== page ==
Father & son donation - Ross and Finlay's story

Finlay was 3 years old when he was diagnosed with chronic kidney disease.

I am the proud mum of Finlay aged 8.

Finlay was 3 years old when he was diagnosed with chronic kidney disease.  It was discovered purely by chance as blood tests testing for developmental disorders showed up high levels of waste products in his blood.  After further investigation he was diagnosed with congenital renal hypoplasia as well as autism spectrum disorder.

It was an upsetting time and a shock for the whole family as there had been no sign of kidney disease.  We were advised that he would need a kidney transplant probably by the time he was a teenager.  However, Finlay's kidneys had other ideas and he went into end stage renal failure when he was 5 years old.  He was very lethargic, pale and ate very little food.  He was given a gastrostomy feeding tube to allow him receive extra nutrition.  He had regular blood tests and injections to help his haemoglobin.  He was started on lots of medication including blood pressure tablets as the kidneys were no longer keeping his blood pressure stable.

He was unable to walk any distance at all and trips out as a family involved the use of a special needs pushchair.  Every day at school he had to have a lie down in the afternoon.  As his kidney disease worsened he spent more time sleeping and being carried about.

The decision was made in April 2014 to start peritoneal dialysis.  He had a dialysis catheter inserted and both my husband and I were taught to give Finlay dialysis at home.

Finlay had peritoneal dialysis 7 nights a week for 10 hours overnight.  It was a huge undertaking, but we both felt at least we were doing something that was helping him.  Finlay was receiving dialysis for 9 months and it helped his energy levels a little but this would not be enough and he needed a transplant.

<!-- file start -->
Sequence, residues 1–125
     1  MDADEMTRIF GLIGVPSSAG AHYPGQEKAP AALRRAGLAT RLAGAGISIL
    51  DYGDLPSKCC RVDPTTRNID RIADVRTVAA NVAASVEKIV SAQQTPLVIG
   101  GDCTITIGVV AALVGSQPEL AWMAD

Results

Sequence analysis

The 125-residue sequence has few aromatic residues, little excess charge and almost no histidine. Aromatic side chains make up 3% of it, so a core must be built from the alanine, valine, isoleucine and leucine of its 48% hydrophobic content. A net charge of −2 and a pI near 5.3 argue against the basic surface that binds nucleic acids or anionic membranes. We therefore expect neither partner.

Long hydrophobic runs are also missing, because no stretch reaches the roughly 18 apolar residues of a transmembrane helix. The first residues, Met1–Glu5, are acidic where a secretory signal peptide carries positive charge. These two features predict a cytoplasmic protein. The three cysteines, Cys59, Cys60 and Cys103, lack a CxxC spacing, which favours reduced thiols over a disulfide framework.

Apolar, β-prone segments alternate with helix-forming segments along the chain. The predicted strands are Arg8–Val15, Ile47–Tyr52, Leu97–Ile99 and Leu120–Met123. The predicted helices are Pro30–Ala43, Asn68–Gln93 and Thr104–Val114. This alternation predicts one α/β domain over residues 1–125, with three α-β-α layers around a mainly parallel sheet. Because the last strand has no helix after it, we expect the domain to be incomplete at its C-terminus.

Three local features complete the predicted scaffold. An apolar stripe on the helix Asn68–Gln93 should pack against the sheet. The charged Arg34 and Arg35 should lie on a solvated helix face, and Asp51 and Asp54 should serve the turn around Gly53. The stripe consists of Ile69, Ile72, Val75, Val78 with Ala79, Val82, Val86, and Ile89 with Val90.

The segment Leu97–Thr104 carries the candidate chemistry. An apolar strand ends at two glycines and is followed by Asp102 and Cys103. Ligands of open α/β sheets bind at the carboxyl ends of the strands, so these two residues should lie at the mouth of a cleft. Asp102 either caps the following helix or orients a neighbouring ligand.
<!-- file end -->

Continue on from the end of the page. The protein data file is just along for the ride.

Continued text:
Both I and my husband were tested to see if we were able to be the donor.  We were both a match but Ross, my husband was the better match.  It was a long and stressful work up to the transplant.  Finlay had developed an antibody, so at one point we were unsure if he would be able to receive a kidney at all.

The day finally arrived on February18th 2015.  Ross went to theatre in the morning in the adult hospital and Finlay late morning in the children’s hospital.  It was an exciting and worrying day for me as a wife and a mum.  Seeing them both after the operation was very emotional.  Knowing what Ross had done for Finlay and how this would change his life.....all our lives really.  Immediately I was told Finlay’s new kidney was working well.  His dad had given him a good one.  

The weeks that followed were very hectic.  Finlay requiring blood tests daily for weeks and taking care of both patients..... I was exhausted.

The biggest difference I have seen in Finlay is his energy levels.  He can walk and even run now.  Ross and Finlay recovered quickly from the operations and for the first time in years we enjoyed holidays abroad.  Finlay loves swimming and without his dialysis tube holding him back, there is no stopping him!


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